times before I learn to tune it out.

P.J. Plauger
Dinkumware, Ltd.
http://www.dinkumware.com
Nov 14 '05 #137
Christian Bau wrote:
If we go into things that are not C, then why not

allocate (p, 1);

with a new library function "allocate" which takes two arguments: An
lvalue p which must be a pointer to a complete type, and an integer. The
function would allocate space for as many objects as the integer
specifies and store the result in the pointer variable.

No chance to cast anything, so the whole argument would go away :-)


No. Pointer p could never be a constant.

Nov 14 '05 #138
E. Robert Tisdale wrote:
Christian Bau wrote:
If we go into things that are not C, then why not

allocate (p, 1);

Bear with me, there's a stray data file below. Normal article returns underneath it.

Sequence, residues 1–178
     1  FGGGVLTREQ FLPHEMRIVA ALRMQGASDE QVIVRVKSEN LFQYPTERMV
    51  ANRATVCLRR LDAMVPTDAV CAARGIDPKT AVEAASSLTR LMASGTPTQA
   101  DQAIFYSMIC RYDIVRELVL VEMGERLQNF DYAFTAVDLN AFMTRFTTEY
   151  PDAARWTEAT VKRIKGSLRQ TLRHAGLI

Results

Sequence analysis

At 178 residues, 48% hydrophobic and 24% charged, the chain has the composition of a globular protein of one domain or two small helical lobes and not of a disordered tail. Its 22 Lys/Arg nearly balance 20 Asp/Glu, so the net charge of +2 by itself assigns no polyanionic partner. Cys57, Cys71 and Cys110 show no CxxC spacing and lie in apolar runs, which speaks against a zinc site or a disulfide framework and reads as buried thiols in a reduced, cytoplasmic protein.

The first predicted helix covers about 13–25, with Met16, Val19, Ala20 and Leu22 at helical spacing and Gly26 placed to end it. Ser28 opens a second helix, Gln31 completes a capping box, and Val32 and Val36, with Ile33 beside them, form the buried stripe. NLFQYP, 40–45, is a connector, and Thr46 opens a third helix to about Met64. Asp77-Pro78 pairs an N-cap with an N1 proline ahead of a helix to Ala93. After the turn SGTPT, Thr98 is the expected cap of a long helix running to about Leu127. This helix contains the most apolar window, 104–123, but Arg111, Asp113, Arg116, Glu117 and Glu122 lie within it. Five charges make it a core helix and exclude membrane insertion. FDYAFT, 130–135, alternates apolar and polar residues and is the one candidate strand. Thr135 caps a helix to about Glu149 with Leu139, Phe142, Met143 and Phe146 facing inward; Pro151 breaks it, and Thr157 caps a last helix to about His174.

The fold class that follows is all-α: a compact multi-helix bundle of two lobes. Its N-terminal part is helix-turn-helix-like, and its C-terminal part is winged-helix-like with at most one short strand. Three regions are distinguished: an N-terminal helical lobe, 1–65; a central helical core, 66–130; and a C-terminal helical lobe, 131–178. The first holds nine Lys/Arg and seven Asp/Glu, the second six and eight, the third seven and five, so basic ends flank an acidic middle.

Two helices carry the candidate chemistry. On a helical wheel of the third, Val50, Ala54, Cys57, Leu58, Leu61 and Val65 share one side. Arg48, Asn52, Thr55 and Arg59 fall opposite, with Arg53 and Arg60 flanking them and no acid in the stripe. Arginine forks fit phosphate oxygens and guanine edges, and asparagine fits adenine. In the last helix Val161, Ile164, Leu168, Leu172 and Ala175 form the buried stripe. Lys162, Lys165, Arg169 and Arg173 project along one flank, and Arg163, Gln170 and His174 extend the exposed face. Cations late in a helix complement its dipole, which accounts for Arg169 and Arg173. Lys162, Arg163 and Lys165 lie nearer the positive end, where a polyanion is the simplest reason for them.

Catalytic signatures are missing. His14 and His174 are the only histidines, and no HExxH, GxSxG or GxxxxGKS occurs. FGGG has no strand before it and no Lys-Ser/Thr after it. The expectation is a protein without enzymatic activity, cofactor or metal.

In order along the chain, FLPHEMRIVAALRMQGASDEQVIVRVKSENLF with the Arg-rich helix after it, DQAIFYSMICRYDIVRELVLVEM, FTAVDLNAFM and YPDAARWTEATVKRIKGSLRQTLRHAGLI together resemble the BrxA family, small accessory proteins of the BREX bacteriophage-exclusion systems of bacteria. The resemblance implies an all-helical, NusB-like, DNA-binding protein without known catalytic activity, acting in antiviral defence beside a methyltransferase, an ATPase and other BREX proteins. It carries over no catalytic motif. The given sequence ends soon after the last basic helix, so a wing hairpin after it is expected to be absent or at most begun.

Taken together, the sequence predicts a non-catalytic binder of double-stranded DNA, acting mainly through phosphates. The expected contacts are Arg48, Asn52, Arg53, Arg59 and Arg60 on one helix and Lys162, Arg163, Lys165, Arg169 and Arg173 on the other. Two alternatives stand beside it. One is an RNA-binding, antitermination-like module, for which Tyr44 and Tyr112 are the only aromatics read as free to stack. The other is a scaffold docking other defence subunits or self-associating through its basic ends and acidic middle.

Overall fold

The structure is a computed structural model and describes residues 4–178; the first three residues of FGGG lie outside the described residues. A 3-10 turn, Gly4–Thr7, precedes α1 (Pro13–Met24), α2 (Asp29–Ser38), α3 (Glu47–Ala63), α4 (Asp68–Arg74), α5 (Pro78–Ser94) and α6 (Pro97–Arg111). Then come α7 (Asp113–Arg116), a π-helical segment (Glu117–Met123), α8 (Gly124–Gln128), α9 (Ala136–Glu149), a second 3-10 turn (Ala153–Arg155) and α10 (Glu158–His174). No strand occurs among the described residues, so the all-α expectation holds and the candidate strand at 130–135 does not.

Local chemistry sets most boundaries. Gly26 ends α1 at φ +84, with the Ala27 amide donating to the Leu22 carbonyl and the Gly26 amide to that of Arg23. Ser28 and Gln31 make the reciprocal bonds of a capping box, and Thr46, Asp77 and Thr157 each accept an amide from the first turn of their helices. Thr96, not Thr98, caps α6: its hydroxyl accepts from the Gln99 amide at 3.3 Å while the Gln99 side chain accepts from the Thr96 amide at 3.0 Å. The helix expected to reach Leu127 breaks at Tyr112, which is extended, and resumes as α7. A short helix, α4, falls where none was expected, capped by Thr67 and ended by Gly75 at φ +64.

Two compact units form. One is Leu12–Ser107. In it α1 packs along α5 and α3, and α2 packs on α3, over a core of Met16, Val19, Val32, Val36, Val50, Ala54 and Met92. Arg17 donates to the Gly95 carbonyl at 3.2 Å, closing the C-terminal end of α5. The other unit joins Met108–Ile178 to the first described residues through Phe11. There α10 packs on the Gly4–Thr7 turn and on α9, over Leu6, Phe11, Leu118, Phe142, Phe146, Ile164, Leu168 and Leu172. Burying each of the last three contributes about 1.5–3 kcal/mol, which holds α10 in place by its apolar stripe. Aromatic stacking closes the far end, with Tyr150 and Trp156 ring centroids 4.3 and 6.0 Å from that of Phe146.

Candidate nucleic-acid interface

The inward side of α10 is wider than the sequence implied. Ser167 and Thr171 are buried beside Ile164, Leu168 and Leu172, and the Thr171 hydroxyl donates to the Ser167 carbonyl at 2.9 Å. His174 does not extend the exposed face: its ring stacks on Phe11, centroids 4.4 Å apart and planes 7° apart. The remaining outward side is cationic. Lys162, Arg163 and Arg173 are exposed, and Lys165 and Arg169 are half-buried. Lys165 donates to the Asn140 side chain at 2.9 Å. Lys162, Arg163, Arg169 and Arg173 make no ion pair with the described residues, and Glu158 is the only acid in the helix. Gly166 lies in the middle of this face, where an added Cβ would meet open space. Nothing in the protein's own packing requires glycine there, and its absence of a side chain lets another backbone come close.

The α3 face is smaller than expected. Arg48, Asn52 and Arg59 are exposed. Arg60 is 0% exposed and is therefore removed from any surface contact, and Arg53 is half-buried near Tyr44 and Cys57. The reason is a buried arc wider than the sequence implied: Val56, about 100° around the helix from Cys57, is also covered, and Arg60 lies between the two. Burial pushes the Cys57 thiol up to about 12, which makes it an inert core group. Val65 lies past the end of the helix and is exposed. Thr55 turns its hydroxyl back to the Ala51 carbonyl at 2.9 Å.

with a new library function "allocate" which takes two arguments: An
lvalue p which must be a pointer to a complete type, and an integer. The
function would allocate space for as many objects as the integer
specifies and store the result in the pointer variable.

No chance to cast anything, so the whole argument would go away :-)


No. Pointer p could never be a constant.


With one exception, each word on the first line of Christian's reply is
monosyllabic. How on /earth/ did you manage to misunderstand it?
--
Richard Heathfield : bi****@eton.pow ernet.co.uk
"Usenet is a strange place." - Dennis M Ritchie, 29 July 1999.
C FAQ: http://www.eskimo.com/~scs/C-faq/top.html
K&R answers, C books, etc: http://users.powernet.co.uk/eton
Nov 14 '05 #139
Mark A. Odell wrote:
Sidney Cadot <si****@jigsaw. nl> wrote in
news:bu******** **@news.tudelft .nl:

If the FAQ is to properly reflect the CLC opinion, it should at least
mention the counter-argument that failing to cast malloc prevents a C++